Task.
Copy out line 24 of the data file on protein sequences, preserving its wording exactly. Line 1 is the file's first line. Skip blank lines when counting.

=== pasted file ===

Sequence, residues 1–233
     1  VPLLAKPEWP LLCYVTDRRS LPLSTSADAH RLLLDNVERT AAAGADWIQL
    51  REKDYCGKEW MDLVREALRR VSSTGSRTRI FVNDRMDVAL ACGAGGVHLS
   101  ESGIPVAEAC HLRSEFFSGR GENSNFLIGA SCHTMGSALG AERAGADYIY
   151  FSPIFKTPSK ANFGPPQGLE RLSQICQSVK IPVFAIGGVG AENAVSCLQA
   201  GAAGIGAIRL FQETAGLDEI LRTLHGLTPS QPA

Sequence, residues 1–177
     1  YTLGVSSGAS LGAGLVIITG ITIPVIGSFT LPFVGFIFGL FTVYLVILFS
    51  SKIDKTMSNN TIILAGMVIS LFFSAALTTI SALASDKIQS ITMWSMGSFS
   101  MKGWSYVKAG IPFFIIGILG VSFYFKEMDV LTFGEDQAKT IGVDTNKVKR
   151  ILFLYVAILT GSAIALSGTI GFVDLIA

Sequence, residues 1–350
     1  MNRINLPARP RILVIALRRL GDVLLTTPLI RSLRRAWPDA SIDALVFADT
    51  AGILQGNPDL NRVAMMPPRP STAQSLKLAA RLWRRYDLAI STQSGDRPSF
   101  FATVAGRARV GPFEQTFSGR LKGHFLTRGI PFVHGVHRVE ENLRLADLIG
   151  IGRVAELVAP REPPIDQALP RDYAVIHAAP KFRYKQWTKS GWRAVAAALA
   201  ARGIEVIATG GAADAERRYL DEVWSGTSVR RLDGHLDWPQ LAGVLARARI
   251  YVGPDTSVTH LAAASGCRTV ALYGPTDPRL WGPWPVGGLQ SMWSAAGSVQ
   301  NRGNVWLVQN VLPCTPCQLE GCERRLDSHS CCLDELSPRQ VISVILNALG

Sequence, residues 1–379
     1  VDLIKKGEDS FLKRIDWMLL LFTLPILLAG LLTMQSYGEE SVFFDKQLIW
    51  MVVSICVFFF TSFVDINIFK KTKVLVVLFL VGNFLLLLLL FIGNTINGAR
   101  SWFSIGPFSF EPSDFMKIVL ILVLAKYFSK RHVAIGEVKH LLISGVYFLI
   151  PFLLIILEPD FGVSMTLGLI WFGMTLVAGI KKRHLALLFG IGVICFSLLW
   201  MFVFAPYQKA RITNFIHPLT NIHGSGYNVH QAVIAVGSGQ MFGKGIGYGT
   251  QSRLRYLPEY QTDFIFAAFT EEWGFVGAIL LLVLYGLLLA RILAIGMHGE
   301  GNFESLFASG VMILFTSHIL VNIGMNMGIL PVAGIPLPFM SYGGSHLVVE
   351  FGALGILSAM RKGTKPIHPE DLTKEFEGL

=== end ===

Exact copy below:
   151  PFLLIILEPD FGVSMTLGLI WFGMTLVAGI KKRHLALLFG IGVICFSLLW